Thursday, 7 June 2012

The Revised Plan 2


This little photo shows the site of Popplewell's Row in Gainsborough, just after the row had been demolished in 1964. By this time, as you, constant reader, will know, we had recently been rehoused from here to the new council house on the Middlefield Lane estate. If you look at the photo of me in my pram in my post of 6 December 2011 here, you will also see the spire of Trinity Church in the background, which means I would have been sat more or less in the middle of that pile of rubble above.

Tonight, I watched the first instalment of the BBC2 series The Secret History of our Streets, that concentrated on Deptford High Street, and the streets that ran off it. In the 1880s, so the BBC website blurb for this series goes, Deptford High Street was 'the Oxford Street of South London'. The blurb goes on to state that 'Today, marooned amid 70s housing blocks, it is one of the poorest shopping streets in London.' It was a compelling programme, not least because at one time it threatened to spill over into an odd, evangelist-driven, psycho-geographic study of the area (it's only a matter of time before BBC historical productions really take up the dérive as the next big stylistic trope for their programmes). It was also based on some deeply personal accounts of a huge extended family that lived together in one of Deptford's streets, which then led to an examination of the bigger story of Patrick Abercrombie, the LCC and Lewisham Council's role in clearing these streets at around the same time as Popplewell's Row was demolished. 

The last twenty minutes or so of this programme however were pretty astonishing because it went on to decisively give the lie to the notion that modernity was essential at this time because these streets were slums and had to be cleared. In the case of one street, the health inspector's report from the early 60s couldn't find any reason to condemn it as a slum ("My Mum had lovely curtains" exclaimed one former resident of the street). It was demolished regardless.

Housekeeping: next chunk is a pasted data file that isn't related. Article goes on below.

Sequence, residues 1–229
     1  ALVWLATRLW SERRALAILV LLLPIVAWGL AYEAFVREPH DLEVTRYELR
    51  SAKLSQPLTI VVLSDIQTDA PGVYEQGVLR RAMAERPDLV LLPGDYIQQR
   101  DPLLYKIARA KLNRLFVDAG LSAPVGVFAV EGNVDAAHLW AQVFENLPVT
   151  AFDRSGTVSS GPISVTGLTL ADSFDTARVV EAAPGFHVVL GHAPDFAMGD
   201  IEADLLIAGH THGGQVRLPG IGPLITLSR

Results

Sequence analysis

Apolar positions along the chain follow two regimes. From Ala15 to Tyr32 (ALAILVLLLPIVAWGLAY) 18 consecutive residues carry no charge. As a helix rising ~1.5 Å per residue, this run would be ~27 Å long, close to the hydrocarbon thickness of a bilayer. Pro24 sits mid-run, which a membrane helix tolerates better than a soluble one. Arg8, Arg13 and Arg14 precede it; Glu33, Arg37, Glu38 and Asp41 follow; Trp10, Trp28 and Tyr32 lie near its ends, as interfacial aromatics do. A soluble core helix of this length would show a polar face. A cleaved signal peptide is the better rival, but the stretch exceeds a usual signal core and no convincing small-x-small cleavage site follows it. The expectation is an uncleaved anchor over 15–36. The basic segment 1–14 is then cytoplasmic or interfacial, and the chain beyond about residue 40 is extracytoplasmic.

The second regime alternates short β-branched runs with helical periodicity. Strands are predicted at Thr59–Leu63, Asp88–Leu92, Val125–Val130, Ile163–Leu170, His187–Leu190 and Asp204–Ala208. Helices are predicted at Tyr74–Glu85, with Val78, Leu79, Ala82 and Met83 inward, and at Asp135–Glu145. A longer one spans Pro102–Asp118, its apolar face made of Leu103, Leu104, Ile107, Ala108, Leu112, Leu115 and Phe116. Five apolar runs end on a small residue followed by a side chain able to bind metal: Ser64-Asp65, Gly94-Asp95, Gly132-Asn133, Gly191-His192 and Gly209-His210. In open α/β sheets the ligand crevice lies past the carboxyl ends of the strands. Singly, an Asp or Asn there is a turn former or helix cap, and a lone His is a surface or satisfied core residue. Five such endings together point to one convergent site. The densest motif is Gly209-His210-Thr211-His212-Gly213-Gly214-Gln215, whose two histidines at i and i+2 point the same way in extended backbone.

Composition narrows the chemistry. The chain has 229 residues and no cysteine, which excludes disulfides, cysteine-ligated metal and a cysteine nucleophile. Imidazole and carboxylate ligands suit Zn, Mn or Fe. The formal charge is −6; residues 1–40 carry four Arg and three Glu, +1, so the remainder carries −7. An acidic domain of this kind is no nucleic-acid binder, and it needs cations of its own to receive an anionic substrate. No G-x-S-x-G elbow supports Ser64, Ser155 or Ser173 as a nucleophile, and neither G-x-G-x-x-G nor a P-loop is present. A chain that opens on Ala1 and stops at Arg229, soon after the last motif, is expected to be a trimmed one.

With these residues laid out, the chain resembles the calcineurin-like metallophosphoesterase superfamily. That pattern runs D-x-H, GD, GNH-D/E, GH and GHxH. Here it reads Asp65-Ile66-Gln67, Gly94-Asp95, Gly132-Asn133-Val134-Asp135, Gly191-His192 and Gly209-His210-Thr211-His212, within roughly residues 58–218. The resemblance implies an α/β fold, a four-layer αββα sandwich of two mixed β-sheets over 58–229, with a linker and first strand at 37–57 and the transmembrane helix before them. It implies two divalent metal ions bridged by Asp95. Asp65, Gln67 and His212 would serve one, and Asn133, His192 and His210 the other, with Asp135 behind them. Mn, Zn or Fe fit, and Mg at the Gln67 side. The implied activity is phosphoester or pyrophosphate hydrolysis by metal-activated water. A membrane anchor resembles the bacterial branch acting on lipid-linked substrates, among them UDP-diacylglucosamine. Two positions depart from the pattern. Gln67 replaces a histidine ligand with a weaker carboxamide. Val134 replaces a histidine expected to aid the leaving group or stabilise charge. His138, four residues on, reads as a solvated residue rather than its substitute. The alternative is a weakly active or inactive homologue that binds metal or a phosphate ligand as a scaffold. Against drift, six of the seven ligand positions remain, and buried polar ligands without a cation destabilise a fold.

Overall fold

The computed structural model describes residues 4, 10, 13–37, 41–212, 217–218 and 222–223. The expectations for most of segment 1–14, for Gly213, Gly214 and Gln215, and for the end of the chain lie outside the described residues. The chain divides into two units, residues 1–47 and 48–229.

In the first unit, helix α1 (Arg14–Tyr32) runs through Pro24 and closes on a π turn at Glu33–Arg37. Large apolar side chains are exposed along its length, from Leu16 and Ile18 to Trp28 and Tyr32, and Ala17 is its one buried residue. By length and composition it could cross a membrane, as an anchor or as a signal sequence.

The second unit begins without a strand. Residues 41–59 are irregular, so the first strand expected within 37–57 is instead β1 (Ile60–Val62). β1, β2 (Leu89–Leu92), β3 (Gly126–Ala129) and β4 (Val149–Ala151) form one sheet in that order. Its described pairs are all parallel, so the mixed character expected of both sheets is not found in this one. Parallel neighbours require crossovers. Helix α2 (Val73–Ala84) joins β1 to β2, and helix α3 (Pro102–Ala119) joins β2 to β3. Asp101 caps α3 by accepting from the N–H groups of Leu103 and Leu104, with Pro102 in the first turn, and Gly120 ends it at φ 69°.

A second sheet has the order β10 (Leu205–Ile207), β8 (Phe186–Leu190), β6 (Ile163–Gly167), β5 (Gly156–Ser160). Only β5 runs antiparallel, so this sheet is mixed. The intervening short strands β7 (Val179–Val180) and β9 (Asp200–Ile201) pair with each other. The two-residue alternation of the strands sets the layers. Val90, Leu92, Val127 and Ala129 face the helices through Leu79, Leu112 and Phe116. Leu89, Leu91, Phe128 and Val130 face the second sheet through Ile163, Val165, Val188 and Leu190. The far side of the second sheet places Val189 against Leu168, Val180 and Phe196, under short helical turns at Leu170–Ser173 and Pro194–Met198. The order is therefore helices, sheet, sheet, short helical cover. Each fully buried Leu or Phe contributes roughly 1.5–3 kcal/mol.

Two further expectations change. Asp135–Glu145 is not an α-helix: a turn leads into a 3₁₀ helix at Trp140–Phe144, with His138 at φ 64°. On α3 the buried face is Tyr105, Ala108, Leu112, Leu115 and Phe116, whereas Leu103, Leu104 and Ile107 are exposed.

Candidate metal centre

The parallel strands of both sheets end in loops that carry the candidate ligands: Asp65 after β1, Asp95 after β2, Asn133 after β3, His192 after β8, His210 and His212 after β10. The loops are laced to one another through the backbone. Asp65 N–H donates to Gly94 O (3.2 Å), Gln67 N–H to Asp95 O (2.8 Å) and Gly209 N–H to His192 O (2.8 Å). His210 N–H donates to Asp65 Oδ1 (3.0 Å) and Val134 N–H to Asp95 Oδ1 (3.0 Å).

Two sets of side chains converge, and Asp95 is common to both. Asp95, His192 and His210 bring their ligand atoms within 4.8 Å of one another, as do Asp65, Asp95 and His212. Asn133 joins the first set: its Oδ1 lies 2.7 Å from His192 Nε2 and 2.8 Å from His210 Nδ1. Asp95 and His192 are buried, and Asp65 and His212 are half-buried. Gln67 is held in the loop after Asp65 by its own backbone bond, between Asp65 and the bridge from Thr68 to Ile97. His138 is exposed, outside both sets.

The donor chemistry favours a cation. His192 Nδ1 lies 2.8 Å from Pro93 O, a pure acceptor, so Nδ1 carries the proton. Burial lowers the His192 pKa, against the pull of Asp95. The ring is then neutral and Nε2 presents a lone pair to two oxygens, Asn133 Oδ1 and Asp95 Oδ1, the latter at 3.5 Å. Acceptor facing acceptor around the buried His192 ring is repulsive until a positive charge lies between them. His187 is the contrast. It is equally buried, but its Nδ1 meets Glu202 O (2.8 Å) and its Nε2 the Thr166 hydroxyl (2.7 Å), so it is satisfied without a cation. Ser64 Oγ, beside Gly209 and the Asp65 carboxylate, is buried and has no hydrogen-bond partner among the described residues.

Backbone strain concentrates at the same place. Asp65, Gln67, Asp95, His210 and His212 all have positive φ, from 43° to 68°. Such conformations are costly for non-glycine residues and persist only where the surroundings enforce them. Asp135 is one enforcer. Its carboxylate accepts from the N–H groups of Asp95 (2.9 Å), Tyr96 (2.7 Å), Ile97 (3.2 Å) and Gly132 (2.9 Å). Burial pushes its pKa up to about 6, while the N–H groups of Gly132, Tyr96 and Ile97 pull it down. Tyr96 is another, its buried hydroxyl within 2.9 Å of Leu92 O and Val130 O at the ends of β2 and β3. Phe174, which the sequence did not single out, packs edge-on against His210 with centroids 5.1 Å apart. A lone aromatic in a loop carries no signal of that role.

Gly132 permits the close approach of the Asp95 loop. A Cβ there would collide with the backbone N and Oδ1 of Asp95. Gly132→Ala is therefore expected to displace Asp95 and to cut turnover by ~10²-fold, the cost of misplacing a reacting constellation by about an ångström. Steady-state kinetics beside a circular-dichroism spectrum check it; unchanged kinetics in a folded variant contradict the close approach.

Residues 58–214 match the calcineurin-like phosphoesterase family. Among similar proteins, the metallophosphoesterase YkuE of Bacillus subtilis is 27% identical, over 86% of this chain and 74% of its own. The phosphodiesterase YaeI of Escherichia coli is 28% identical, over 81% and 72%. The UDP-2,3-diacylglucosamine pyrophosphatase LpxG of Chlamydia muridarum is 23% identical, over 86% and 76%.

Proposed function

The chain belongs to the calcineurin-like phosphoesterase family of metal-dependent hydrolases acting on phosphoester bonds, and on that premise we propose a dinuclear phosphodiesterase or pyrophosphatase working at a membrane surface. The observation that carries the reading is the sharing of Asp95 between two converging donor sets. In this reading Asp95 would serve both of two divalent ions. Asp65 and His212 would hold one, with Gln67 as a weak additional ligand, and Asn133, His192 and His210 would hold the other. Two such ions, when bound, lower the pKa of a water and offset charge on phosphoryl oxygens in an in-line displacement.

This blog is intended to extol the virtues of the post-war council estate - for me as a kid it was excitingly new and modern - but this programme tonight led me to wonder what Popplewell's Row was really like. If you look carefully at one old aerial photo of the houses there that someone posted on the excellent Gainsborough Flickr group's set of photos here you'll see the row centre-left of the view, and that it has an architecturally interesting central bay with an arch. What was really wiped away in the name of progress? And where is the health inspector's report for Popplewell's Row?

2 comments:

  1. We should be careful of looking at 1960s decisions through 2010 spectacles. At the time, these houses were unhealthy largely due to smoke pollution blotting out the sunlight. It is difficult for people today to appreciate how bad things were in places we associate with the middle classes, like Islington, and the town centres. Smoke pollution in the 1960s made these horrendous environments. Nobody would choose to live in them then. Subsequent gentrification was subsequent to pollution.

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    1. Thanks for this Richard. You make a good point about the environmental conditions involved here, and one that, to be honest, I had not thought about until now. You're right, we should be careful about looking at 1960s decisions through 2010 spectacles just as, it seems, we should be careful about doing this through 2010 mediated spectacles - see this letter about that programme: http://www.guardian.co.uk/politics/2012/jun/13/street-politics-deptford

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